How to make an outstanding resume?
An outstanding resume does more than merely get your name in front of a potential employer. It sells your skills, shows you at your best, and convinces the employer that you are precisely who he or she needs in this position.
The person reading your resume is usually the one who will be directly responsible for the success of the project or group you're seeking to join. This person cares very deeply about the position and its goals. In order to appeal to that person, you should care deeply about them as well.
Before writing your resume, sit down with a piece of paper and think of as many answers as you can to the following questions:
What would make someone the perfect candidate?
What does the employer really want?
What would make an exceptional candidate stand out versus an average candidate?
If you're not sure, ask a friend who works in the field, or contact the employer directly.
Once you have an idea of what the employer wants, write down everything you have ever done that includes those skills and abilities. Don't just think of past jobs; include your hobbies, your household, or any other activity that showcases your use of the skills the employer needs.
This exercise will help you put yourself in the employer's shoes, as well as see your own skills through fresh eyes and apply them to the prospective job – and your resume.
1. Presentation and Contact Information
Use clean, white, 20-lb or heavier paper for your resume. The font should be professional and easy to read; Times New Roman is the most common. Leave a one-inch margin on all sides of your resume.
While writing, make sure all paragraphs are evenly spaced, bullet points line up, and all words are spelled correctly and are the word you want to use.
For example: I once received a resume for a receptionist position on which the very first heading stated, in bold capital letters, “OBJECTION.” Needless to say, it went straight into the trash. Don't let this happen to you: give your draft resume to a friend for a second look.
At the top of the resume, type your name, in bold capital letters. Beneath this, include your address, phone number, and email address. Use a phone number that you'll be able to answer during business hours.
An objective is a one-sentence statement of exactly what job you want, and how you will benefit the employer in that position. Employers want to know what you can do for them, so emphasize the benefits your unique skills can bring to the position. For example, write “To serve in a leadership position in the hospitality industry where skill in effective management and public relations is needed.”
Don't hesitate to write a new objective for each job you apply for; tailor each one to match precisely what the employer is looking for.
If you are just out of school or are looking for work while in school, you may wish to list your education above the “experience'” section. If you've been in the workforce for five years or more, however, list your experience first.
Examples of titles for this section include “Experience,” “Professional Experience,” or “Professional History.” Avoid calling this section “Employment” - your potential employer is aware that you've been employed in these position.
There are at least two different ways to organize the information in this section: chronologically or functionally. Each has its own strengths and weaknesses; which is best for you will depend on your work history and whether you are staying in your current career field or changing to a new one.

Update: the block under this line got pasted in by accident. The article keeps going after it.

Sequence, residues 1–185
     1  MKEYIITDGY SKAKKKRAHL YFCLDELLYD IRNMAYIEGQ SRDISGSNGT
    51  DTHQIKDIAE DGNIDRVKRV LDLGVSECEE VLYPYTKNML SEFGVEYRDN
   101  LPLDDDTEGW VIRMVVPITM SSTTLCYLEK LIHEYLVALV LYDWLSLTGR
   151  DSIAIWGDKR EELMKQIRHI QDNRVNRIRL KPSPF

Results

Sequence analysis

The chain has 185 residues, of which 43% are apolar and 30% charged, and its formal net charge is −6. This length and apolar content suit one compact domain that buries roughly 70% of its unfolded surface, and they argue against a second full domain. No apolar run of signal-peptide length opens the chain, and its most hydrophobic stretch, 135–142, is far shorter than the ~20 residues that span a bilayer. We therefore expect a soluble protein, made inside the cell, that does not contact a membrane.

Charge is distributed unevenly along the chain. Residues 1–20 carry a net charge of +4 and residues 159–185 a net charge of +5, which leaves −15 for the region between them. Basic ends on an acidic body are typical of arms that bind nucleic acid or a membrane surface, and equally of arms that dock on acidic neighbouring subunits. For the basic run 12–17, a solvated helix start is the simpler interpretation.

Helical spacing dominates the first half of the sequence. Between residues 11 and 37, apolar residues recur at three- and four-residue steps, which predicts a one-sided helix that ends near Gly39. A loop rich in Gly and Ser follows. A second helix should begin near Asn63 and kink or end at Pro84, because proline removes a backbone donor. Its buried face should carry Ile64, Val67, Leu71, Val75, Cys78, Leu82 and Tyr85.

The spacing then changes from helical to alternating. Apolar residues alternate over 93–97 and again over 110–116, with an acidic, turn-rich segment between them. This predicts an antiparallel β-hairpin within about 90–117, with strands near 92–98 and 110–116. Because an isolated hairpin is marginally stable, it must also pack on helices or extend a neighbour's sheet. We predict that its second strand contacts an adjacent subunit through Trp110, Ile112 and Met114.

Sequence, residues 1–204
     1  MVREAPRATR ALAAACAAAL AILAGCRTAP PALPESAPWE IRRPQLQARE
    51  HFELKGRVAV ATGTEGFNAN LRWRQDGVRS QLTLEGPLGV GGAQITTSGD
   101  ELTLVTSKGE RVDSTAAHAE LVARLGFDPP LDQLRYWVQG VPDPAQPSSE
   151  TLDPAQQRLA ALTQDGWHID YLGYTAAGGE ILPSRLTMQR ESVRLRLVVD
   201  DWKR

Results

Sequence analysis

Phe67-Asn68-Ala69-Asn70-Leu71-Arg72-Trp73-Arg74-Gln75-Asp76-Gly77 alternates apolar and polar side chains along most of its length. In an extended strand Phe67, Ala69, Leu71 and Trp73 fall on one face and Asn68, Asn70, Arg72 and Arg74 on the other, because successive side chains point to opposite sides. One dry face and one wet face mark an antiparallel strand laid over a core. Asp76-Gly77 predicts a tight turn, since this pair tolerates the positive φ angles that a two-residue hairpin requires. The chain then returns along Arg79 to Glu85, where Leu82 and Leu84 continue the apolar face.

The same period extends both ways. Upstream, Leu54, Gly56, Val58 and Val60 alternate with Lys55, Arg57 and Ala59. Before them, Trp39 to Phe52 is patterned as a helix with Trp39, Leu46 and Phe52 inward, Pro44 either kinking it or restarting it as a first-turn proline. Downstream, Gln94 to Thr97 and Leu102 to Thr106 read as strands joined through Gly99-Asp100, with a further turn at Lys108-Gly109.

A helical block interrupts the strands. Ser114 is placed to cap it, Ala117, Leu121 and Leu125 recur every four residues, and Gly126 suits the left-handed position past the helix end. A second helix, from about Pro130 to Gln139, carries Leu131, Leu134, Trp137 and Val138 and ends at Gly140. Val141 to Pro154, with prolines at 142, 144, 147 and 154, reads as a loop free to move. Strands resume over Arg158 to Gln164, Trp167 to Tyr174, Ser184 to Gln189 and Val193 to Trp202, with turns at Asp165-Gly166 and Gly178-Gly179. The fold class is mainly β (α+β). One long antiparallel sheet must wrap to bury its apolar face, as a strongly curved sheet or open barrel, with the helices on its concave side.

A chronological resume lists your work experience in chronological order, starting with your most recent job and working backwards to earlier positions. This type of resume is best for people who have worked in only one or two fields, or who want to highlight their progress in a particular field.
PROS: Showcases advancement in one specific field. Easy for employers to follow.
CONS: Can confuse employers if you've worked in several different fields. Spotlights lack of experience or long gaps between jobs.
A functional resume lists your top skills and achievements, along with the jobs in which you earned them. A functional resume works well for people changing careers and first-job seekers, whose skills and achievements took place mostly during school or volunteer activities.
PROS: Can choose which skills or abilities to focus on. Highlights your talent while downplaying long absences from work, large career changes, or relative inexperience.
CONS: May be confusing to employers.
Whether you choose to organize your resume chronologically or functionally, use action words to describe your skills or job responsibilities. Good resume-building action words include served, sold, managed, trained, described, organized, created, or achieved. Choose vivid verbs that describe your actual work.
In your “education” section, list any degrees, diplomas, or certificates you have received in reverse chronological order, starting with the most recent and working backwards. If you've been out of school for several years, the name of the degree, the name of the school, and the year you completed it will be all you need.
If you're still in school, list the name of the degree, the school, and use the word “completed” before the year in which you expect to finish your degree. You may also wish to list the classes you've taken that apply to the job you're seeking, as well as any academic award.
If your hobbies or interests apply to the job, you can list them in this section. Otherwise, skip this step.
On most resumes, the phrase “references are available upon request” only wastes space. Employers know they can request your references if they want them. Save your valuable resume space to showcase your skills and experience instead.
With a little planning and organization, you can turn a basic resume into a major selling tool – and land the job of your dreams.